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Benefit for Me

 

Techniques General persuasionKellerman and Cole's 64 Strategies > Benefit for Me

Description | Example | Discussion | See also

 

Description

Persuade them by showing that you would benefit significantly from them complying with your request.

Be clear about the extent of the benefit and how helpful this will be. Indicate that you value this. Imply that you will be grateful (though there is no need to be explicit about this).

Example

If you pay my college fees, I'll be able to get a better job.

Could you do this? It may seem small but would help me so much.

I'd be able to enjoy my holiday much more if you could keep your eyes on the house for me.

Discussion

While the benefits for you when you want others to do something may seem abundantly clear to you, they are not always obvious to other people, even those who 'should know'. Telling people that their actions are valued in itself can be powerfully motivating.

Even if they understand this, when you are explicit about the cause and effect of their actions and your benefits, you are telling them that you know that you will be in their debt. We do not always feel obliged to people for complying with general requests, but we do feel this debt rather more when they have helped us. When we explain we know about this, we are effectively telling them we will repay this debt.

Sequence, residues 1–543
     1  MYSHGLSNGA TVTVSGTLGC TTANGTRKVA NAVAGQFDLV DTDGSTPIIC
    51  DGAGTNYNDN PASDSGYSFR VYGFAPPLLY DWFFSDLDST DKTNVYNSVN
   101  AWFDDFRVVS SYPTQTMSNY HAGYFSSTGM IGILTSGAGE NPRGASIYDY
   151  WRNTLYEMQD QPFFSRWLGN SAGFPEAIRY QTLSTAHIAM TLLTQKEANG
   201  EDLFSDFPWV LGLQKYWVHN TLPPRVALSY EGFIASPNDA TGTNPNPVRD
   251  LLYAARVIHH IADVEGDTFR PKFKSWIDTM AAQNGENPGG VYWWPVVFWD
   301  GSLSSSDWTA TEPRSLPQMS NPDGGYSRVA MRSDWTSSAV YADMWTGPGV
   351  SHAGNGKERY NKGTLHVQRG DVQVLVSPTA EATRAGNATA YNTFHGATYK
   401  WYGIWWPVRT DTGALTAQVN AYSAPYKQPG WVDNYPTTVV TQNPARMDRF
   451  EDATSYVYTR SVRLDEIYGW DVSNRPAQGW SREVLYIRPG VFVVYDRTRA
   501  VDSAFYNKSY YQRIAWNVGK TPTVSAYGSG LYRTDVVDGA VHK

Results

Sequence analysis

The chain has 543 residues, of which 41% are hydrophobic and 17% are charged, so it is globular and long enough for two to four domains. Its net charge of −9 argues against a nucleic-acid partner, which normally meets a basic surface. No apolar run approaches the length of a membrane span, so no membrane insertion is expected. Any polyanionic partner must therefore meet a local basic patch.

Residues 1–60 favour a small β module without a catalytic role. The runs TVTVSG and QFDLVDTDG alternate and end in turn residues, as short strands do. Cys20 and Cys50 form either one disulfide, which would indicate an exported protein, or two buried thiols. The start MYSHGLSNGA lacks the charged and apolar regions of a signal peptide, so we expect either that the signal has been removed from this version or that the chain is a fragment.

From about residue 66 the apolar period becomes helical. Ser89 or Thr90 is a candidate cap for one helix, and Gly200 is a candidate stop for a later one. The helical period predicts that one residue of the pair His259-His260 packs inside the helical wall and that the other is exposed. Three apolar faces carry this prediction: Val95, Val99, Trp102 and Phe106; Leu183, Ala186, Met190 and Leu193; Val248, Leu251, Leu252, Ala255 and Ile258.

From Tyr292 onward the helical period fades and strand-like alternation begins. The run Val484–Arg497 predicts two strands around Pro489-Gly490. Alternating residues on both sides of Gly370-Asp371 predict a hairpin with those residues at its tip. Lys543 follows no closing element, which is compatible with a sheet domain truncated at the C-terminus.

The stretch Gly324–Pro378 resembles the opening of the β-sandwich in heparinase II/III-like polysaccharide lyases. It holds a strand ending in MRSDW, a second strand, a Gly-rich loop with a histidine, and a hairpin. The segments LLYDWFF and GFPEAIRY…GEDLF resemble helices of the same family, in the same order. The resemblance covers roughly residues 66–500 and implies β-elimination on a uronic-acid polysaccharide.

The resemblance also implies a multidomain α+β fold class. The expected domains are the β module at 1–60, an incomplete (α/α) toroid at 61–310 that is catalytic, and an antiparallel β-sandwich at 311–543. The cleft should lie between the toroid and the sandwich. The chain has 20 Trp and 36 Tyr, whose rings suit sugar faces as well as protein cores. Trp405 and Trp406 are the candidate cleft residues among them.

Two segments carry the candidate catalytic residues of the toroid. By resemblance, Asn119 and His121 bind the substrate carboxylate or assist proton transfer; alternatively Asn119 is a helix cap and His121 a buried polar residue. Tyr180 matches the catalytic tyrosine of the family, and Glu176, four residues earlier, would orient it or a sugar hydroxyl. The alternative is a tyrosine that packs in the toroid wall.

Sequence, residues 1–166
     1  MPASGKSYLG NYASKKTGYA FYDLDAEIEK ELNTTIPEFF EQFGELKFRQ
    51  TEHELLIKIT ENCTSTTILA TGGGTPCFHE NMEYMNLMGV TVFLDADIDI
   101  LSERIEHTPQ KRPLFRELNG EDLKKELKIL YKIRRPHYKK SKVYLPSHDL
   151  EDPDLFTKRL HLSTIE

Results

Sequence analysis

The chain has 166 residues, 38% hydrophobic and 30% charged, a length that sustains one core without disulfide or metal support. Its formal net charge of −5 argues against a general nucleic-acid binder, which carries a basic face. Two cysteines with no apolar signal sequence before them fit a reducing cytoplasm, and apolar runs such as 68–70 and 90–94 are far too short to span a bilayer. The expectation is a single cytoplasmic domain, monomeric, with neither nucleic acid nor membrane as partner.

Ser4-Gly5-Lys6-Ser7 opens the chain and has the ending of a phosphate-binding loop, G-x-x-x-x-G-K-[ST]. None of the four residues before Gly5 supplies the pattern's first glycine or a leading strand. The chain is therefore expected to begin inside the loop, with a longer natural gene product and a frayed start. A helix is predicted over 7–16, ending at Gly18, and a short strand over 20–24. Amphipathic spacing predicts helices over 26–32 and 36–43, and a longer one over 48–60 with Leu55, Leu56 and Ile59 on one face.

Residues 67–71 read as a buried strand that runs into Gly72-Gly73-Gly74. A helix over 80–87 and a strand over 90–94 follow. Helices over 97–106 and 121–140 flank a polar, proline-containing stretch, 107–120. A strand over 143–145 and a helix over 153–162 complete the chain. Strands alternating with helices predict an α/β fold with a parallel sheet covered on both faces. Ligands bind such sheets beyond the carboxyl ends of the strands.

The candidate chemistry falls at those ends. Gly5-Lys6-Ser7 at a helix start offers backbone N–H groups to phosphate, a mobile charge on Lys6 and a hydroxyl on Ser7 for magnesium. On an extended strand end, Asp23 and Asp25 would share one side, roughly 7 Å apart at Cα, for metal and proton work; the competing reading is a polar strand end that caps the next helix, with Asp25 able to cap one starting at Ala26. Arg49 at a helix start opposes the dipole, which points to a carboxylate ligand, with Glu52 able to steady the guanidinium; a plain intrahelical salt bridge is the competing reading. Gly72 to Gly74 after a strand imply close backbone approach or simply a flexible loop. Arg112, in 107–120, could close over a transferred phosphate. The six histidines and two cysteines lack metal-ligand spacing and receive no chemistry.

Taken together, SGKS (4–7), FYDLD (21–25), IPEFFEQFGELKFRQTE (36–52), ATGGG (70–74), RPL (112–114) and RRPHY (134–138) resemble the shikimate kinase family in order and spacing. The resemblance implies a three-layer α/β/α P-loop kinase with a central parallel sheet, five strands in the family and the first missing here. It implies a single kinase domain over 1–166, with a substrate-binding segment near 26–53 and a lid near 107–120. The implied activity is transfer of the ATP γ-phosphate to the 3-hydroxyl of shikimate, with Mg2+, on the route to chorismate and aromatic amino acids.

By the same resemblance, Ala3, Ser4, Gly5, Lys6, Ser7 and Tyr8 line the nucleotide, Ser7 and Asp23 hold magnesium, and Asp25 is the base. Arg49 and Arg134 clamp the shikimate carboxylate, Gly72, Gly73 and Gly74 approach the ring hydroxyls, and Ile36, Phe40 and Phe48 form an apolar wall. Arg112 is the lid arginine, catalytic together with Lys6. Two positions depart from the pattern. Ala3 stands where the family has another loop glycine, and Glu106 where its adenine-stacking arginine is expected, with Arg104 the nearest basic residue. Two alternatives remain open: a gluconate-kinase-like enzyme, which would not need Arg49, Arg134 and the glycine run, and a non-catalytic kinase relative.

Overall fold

It can appear to be a bad idea to tell them what you are getting from their actions as it could seem that they might resent this or try to take advantage of your openness. In some cases this might be valid, yet in many the honesty itself can be very persuasive. People are not stupid, either and will guess, often incorrectly, what you are getting from their compliance.

Benefit for Me is also known as Benefit (self).

Benefit for Me is the 11th of the 64 compliance-gaining strategies described by Kellerman and Cole.

See also

Obligation principle, Cause-and-Effect Reasoning

 

Kellermann, K. & Cole, T. (1994). Classifying compliance gaining messages: Taxonomic disorder and strategic confusion. Communication Theory, 1, 3-60

 

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